A Behind-the-Scenes Peek at the World’s Most Famous Food – CHOCOLATE

There’s no doubt that chocolate is one of the most well-known (and well-loved!) foods in the world. Whether it’s milk chocolate, dark chocolate, or even white chocolate, it seems like almost nobody can resist indulging in this “food of the gods” – we know we can’t! But have you ever really thought about how your favorite chocolate wound up on the shelf at your local supermarket or chocolate shop? Chocolate actually has a remarkable origin story that begins deep in the Amazon jungle of South America, and a lot of work has gone into transforming the beans of the ancient cacao fruit into the tasty bars of chocolate that we all know and love.

And what’s even more interesting? Chocolate is actually good for you! After all, they don’t call cacao “food of the gods” for nothing.

The story of chocolate

An ancient wonder

The true history of chocolate begins with Theobroma cacao, a tree indigenous to South and Central America that produces cacao fruit, the beans of which eventually became the chocolate that winds up on our store shelves and, ultimately, our desserts. But long before there was chocolate, there was xocolatl – the ancient Nahuatl word used to describe the “bitter water” that the Aztec and Maya used to make from the beans of the cacao fruit and drink during ritual occasions.

  • (: Fun Fact The first “chocolate house” opened in London in 1657. The London elite used to frequent chocolate houses to socialize, discuss politics, and – of course – drink chocolate.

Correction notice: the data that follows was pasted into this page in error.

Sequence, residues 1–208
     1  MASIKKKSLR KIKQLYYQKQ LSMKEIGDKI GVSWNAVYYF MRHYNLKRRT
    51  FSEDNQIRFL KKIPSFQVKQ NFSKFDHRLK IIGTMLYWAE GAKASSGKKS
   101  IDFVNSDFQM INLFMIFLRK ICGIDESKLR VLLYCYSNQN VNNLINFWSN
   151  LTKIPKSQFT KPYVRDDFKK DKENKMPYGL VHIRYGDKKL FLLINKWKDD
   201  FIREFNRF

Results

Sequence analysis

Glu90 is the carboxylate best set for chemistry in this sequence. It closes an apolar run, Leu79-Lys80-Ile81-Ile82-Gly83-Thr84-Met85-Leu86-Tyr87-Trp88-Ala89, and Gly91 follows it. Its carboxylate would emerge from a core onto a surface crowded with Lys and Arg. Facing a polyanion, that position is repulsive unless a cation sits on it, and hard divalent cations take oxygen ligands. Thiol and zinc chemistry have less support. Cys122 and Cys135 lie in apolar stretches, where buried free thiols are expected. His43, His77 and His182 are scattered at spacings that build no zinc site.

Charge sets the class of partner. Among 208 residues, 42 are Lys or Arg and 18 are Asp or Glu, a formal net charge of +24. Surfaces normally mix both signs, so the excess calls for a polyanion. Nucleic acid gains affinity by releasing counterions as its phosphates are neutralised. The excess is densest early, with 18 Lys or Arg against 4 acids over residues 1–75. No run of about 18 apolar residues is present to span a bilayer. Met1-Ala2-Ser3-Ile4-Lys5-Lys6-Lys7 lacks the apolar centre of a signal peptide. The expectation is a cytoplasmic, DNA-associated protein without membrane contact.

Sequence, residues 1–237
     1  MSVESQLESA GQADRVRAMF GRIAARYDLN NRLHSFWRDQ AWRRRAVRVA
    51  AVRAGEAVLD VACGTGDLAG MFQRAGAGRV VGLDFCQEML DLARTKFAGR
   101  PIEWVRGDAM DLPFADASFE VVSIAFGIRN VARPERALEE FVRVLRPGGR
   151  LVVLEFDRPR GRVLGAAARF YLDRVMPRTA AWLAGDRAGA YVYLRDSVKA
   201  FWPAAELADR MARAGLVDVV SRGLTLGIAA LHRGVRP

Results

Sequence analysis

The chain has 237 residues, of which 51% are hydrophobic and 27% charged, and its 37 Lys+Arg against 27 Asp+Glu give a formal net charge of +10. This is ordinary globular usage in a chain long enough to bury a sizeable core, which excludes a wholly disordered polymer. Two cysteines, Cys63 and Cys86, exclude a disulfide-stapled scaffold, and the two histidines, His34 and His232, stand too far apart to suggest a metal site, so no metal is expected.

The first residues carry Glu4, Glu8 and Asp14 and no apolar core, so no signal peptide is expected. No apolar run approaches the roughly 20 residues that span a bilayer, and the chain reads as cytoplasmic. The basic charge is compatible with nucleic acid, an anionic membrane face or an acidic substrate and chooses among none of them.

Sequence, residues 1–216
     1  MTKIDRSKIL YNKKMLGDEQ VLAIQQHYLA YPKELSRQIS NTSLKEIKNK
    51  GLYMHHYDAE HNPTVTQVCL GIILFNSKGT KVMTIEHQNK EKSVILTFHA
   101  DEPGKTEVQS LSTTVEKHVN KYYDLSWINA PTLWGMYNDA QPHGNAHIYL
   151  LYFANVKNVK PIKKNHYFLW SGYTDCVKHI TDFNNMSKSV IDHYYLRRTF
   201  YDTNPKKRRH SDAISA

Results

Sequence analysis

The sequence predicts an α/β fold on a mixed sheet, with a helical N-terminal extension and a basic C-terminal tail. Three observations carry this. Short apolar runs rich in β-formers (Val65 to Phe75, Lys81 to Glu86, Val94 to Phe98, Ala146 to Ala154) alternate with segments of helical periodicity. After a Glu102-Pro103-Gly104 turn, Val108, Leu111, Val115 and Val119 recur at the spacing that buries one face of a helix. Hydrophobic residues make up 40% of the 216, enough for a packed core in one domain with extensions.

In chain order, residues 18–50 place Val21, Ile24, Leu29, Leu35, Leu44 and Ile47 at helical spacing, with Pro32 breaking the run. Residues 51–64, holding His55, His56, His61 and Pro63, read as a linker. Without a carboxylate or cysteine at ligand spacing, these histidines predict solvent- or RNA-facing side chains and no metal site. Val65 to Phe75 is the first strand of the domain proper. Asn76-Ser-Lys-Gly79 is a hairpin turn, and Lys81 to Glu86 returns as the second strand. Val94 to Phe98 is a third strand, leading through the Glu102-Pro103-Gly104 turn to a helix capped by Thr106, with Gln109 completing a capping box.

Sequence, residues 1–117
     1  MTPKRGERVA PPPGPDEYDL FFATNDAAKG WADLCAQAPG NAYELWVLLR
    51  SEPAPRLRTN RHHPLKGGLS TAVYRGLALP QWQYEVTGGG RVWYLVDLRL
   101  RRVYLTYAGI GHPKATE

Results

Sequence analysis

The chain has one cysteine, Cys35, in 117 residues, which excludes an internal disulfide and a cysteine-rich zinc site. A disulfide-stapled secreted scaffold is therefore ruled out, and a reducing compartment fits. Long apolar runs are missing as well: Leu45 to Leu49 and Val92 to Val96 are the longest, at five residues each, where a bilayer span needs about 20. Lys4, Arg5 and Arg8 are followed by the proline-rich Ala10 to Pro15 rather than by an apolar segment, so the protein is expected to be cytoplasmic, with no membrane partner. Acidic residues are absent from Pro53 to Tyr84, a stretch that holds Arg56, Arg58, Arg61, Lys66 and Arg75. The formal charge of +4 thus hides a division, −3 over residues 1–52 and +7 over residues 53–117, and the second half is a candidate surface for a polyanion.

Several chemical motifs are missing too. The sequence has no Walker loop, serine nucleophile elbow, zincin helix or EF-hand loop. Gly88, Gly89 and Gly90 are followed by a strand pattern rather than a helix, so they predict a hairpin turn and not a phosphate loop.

• Two worlds collide
    • While the indigenous civilizations of Central and South America had found many purposes for cacao – including using cacao beans as currency! – it wasn’t until the arrival of Spanish colonizers in the 16th century that cacao began its transformation into the modern chocolate product that we know today. In 1519 the Spanish conquistador Hernán Cortes landed on the coast of what is today Mexico, and as the Spaniards began to conquer and plunder the continent in search of riches, word traveled to the Aztec emperor Montezuma II that a vessel full of men had arrived in Tenochtitlán. Possibly believing Cortés to be Quetzalcoatl – an Aztec deity who legend claimed would one day return to Tenochtitlán bearing “all the treasures of Paradise” – Montezuma II greeted Cortés and his men with gifts, including large quantities of cacao.
  • A worldwide phenomenon
    • The Spaniards took the cacao with them on further expeditions, leading to the spread of cacao trees to regions like West Africa, the Caribbean, and Southeast Asia. Once back in Europe, Europeans began to use sugar cane and spices cultivated in the Caribbean to sweeten and flavor the cacao, thus creating the first modern incarnations of chocolate. For decades, chocolate was reserved mainly for the European elite, who adored it for not just its taste but its health benefits – including its supposed aphrodisiac qualities. However, in keeping with its original purpose, chocolate was drunk as a beverage rather than eaten in solid form as it most often is today. 
  • The creation of a classic
    • It wasn’t until 1674 that it became possible to eat chocolate in a solid form, when the first “eating chocolate” became available in London, at a shop called The Coffee Mill and Tobacco Roll. By the 18th century, chocolate was available all across Europe in bars, tablets, and sticks. From that moment forward, chocolate took on a reputation as a delicacy meant for enjoyment, rather than as a primarily medicinal beverage.